American Embassy in Rome and Rome Film Festival present European premiere of film "Remembering the Artist: Robert De Niro, Sr."

Robert De Niro, Megan Fox Kelly, Perri Peltz, at 2014 Rome Film Festival   Photograph: Matteo Nardone

Robert De Niro, Megan Fox Kelly, Perri Peltz, at 2014 Rome Film Festival

Photograph: Matteo Nardone

Monday November 17, 2014 -- The HBO documentary, Remembering the Artist Robert De Niro Sr. debuted in Europe at the Rome Film Festival. The Fondazione Cinema per Roma and the MAXXI – National Museum of XXI Century Arts organized, in collaboration with Mazda and with the kind concession of HBO and Italian Sky Arte HD channel, a screening of the documentary by Perri Peltz and Geeta Gandbhir, dedicated to the life and work of Robert De Niro Senior, American painter, poet, and sculptor of Italian origin, and father of the great actor Robert De Niro. After the film, Italian film critic, and Rome Film Festival senior programmer Mario Sesti moderated a panel discussion with the artist’s son Robert De Niro. 

In honor of the European premiere of the documentary, United States Ambassador to Italy John Phillips and his wife Linda Douglass hosted a screening of the film at Villa Taverna, the U.S. Ambassador’s residence. The event was attending by Robert De Niro, HBO filmmakers, art advisor Megan Fox Kelly, art industry professionals and other distinguished guests.Thanks to Ambassador Phillips and his wife’s hospitality guests were also able to view two of De Niro Sr.’s paintings,Woman Seated in a Green Chair (1966) and Women of Algiers (1968) currently on view at the residence. 

The paintings on view are both stunning examples of De Niro’s energetic compositions. Together they exhibit De Niro’s dramatic use of color and form, as well as help to showcase his admiration for European art. While attending Hans Hofmann’s school in the 1940s, De Niro was heavily influenced by his teacher’s appreciation for the European masters. Throughout his career, De Niro avidly visited museums and collected books about European painters. De Niro’s personal library included books on Leonardo, Bonnard, Ingres, Picasso, Michelangelo and texts he used to teach himself French. In De Niro’s portraits, such as Woman Seated in a Green Chair (1966), there is a strong presence of Matisse and Cezanne’s powerful black lines and vibrant colors. While the posed women in the center of the canvas recalls the tradition of classical portraiture, De Niro’s sweeping brushstrokes and fluid shapes place him in dialogue with the European modernists. 

While in Paris during the early 1960s, he visited France’s great art establishments, including the Louvre, and continued to learn more about the continent’s celebrated artists. De Niro’s adoration for the paintings by these European masters is clearest in his rendition of many of their signature works. Throughout the 1960s, De Niro painted his interpretation of many of the paintings located in French museum collections, including Gustave Courbet’s Bonjour, Monsieur Courbet (1845), El Greco’s Christ on the Cross Adored by Two Donors (circa 1590) and Eugène Delacroix’s The Women of Algiers (In Their Apartment) (1834). His Women of Algiers painting from 1968 conveys De Niro’s ability to render these compositions his own. Similar to Delacroix painting concubines sit in a dimly light harem; however, using bold outlines to create geometric shapes, De Niro renders the women in a purely modern aesthetic. While his rich earth maintains the sensuality of Delacroix’s composition, De Niro’s energetic brushstrokes bring a new sense of mystery to the painting. Throughout his career, De Niro’s admiration for the great European painters remained one of his strongest influences.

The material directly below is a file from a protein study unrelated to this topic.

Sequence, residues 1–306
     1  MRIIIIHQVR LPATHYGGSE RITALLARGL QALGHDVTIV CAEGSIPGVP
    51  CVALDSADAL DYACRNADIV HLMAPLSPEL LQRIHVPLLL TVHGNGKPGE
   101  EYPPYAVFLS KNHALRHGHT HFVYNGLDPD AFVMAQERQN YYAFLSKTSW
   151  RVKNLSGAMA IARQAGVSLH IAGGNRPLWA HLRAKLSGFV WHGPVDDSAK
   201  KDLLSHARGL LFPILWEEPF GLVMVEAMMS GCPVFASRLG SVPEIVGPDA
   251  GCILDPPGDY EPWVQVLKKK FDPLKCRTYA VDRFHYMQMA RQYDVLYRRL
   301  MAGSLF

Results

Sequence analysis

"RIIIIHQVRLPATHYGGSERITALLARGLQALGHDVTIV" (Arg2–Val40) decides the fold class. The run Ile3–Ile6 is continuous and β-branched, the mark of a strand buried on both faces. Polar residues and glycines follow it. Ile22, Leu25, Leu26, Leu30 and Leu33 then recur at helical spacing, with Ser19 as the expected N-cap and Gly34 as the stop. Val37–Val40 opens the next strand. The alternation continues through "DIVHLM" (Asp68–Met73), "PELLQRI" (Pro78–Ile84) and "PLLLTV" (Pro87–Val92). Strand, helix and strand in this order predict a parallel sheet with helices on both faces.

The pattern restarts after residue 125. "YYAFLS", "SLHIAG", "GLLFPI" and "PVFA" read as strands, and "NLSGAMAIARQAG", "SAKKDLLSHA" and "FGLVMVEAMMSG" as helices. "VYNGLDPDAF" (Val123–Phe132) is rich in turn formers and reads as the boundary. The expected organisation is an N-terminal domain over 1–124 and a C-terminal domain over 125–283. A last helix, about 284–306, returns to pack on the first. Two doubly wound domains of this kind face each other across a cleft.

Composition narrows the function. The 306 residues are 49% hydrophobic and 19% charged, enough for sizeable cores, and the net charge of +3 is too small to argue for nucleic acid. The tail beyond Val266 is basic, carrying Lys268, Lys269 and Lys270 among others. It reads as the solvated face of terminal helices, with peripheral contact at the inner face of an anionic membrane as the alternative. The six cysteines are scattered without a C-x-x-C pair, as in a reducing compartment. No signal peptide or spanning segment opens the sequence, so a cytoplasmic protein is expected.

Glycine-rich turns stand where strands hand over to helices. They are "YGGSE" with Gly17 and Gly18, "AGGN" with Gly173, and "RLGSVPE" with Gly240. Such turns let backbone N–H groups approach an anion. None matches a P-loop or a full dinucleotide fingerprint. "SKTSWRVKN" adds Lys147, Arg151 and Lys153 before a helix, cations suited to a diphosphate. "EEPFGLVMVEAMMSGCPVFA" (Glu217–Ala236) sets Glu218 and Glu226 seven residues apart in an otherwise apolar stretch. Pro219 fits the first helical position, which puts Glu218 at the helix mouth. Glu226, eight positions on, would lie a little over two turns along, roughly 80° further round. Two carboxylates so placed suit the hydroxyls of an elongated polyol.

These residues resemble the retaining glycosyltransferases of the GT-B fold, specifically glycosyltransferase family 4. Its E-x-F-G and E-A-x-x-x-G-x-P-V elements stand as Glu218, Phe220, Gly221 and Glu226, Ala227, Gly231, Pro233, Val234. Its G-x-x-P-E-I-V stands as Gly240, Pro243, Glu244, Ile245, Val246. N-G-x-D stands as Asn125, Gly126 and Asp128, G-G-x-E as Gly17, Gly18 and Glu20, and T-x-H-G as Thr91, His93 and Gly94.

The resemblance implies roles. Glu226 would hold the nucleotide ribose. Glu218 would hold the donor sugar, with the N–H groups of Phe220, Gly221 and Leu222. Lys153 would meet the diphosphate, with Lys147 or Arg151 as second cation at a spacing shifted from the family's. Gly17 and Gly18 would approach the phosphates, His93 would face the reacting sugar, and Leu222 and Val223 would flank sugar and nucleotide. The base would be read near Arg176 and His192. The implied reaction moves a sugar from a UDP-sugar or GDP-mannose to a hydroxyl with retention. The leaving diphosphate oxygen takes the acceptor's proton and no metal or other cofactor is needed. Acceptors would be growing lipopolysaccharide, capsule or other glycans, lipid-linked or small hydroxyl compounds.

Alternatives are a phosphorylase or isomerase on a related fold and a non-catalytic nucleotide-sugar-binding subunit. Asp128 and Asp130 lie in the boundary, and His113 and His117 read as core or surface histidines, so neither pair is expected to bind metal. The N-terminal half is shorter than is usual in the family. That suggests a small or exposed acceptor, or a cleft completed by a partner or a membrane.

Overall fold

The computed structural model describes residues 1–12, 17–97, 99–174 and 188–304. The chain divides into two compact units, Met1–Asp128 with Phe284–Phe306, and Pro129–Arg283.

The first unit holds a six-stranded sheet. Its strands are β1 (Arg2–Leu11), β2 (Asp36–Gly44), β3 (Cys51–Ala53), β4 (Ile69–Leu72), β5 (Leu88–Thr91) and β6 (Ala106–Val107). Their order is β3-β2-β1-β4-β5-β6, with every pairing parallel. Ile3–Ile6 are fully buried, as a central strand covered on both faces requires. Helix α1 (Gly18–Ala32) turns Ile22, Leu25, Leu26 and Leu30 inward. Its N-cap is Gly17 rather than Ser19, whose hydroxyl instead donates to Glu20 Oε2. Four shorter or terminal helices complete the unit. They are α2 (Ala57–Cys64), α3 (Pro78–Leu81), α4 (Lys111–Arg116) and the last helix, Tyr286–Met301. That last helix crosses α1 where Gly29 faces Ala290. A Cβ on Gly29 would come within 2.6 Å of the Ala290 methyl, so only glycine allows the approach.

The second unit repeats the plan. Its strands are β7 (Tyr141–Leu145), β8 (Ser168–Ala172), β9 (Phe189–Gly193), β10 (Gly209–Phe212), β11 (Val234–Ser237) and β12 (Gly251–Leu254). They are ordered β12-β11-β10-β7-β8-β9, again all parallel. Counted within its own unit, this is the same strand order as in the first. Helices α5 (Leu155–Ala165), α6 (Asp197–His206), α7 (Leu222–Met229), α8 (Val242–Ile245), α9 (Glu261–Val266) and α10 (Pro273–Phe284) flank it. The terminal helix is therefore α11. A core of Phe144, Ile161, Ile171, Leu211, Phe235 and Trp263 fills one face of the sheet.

De Niro Sr.’s paintings on loan to the American Embassy in Rome were placed by the Art in Embassies Program, which promotes the cultural identity of America’s art and artists by borrowing original works of art by U.S. citizens for display in approximately 180 U.S. embassy residences worldwide. These exhibitions of art are loaned from galleries, museums, individual artists, and corporate and private collections. Each exhibition is developed collaboratively between a United States ambassador and one of AIEP’s curators. For five decades, Art inEmbassies (AIE) has played a leading role in U.S. public diplomacy through a very focused mission of vital cross-cultural dialogue and understanding through the visual arts and dynamic artist exchange. The Museum of Modern Art first envisioned this global visual arts program in 1953, and President John F. Kennedy formalized it at the U.S. Department of State in 1963. Today, AIE is a public-private partnership engaging over 20,000 participants globally, including artists, museums, galleries, universities, and private collectors, and encompasses over 200 venues in 189 countries. Professional curators and registrars create and ship about 60 exhibitions per year, and since 2000, over 58 permanent collections have been installed in the Department’ s diplomatic facilities throughout the world.